I was sat on a bank of orange dirt that made up the ground, looking at the vast number of stunning, shining stars. They were amazing. I was in the western cape province in the beautiful South Africa. The stars are different in the southern hemisphere, theres just more, and they shine brighter, especially outside the cities. They were amazing in Uluru and Alice Springs - Australia. The trouble there was that Alice Springs was such a tiered place, a pitiful town. An Australian Aboriginal heritage town aimed at helping them prosper and join to achieve with the white people that had oppressed them so badly.
But instead of that they just sat in the street, staring at our group with sunken eyes. Especially the children. Children have a way of just staring, showing no emotion. You know the one - the big eyed innocent one without judgement or suspicion.
That day in Paarl, WC, SA I was waiting for my ride back to work, standing outside the shopping mall eating some cookies. There was a little coloured boy around 9 or 10 years old going through the bins (they call mixed race people coloured over there... something that shocked me on the first day as a work college - and not soon after dear friend described herself as coloured and her friend as black despite herself being much darker!).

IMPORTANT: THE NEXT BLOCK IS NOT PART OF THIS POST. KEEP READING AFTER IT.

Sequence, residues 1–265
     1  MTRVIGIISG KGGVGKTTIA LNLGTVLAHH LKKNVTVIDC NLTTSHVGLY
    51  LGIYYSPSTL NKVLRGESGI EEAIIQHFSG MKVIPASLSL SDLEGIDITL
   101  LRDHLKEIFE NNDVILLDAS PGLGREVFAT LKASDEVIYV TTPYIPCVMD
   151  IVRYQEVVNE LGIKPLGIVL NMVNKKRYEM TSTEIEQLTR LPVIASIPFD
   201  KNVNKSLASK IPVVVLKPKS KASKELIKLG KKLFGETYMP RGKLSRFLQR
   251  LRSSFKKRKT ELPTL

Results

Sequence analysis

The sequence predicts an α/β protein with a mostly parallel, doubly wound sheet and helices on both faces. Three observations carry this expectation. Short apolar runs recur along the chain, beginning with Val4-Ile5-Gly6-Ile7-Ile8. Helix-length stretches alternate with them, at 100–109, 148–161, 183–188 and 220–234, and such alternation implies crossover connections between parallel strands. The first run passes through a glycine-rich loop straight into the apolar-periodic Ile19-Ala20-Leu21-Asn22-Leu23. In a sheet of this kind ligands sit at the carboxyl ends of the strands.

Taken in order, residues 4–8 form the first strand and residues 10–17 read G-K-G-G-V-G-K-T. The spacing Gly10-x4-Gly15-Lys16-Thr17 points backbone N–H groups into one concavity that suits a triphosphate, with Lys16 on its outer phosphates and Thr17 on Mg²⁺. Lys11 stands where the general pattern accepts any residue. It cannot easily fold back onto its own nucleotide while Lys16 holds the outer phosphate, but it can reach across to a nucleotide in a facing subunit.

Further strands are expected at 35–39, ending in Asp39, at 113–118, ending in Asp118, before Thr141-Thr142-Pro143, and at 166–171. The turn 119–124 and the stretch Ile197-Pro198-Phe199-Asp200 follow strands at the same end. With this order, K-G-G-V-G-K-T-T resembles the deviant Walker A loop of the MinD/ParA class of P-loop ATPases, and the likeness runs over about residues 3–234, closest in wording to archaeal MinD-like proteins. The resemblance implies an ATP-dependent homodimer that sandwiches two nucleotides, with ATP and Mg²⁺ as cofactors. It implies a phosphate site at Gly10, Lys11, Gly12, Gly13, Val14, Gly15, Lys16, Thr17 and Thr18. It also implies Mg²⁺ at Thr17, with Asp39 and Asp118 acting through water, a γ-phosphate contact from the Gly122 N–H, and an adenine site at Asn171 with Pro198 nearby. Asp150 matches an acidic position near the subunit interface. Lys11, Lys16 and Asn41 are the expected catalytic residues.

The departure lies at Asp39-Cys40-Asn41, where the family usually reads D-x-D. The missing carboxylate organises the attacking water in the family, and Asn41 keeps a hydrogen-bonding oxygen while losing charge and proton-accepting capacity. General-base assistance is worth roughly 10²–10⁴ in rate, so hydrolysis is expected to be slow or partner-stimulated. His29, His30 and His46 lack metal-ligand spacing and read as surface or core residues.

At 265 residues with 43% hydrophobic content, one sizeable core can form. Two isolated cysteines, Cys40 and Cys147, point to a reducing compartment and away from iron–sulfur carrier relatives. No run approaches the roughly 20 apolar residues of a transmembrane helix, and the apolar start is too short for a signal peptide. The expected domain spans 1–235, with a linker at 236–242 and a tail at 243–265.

He tentatively made his way over to where there was an old strawberry flavoured milk carton beside me and asked me if it was mine. No, i said, its not. He took it, sat on top of a bin, and poured it into his hand, smelled it, licked it, smelt it again, licked it again, and then drank the remaining drops of the strawberry milk carton from the palm of his hand. Hey, I said, the I just gave him the rest of the bag of cookies I was eating as I waited for my ride. He looked at me then with that stare, he didn't even look at the cookies as he took them.
I think this is the stare of learning. Its literally a blank stare. Developmental psychologists say we are all born with a 'blank slate', or 'tabla rasa' and that rules, social norms and values get 'written' onto it. So these blank stares that children give you is their stare of being written on. I hope that my handwriting was nice!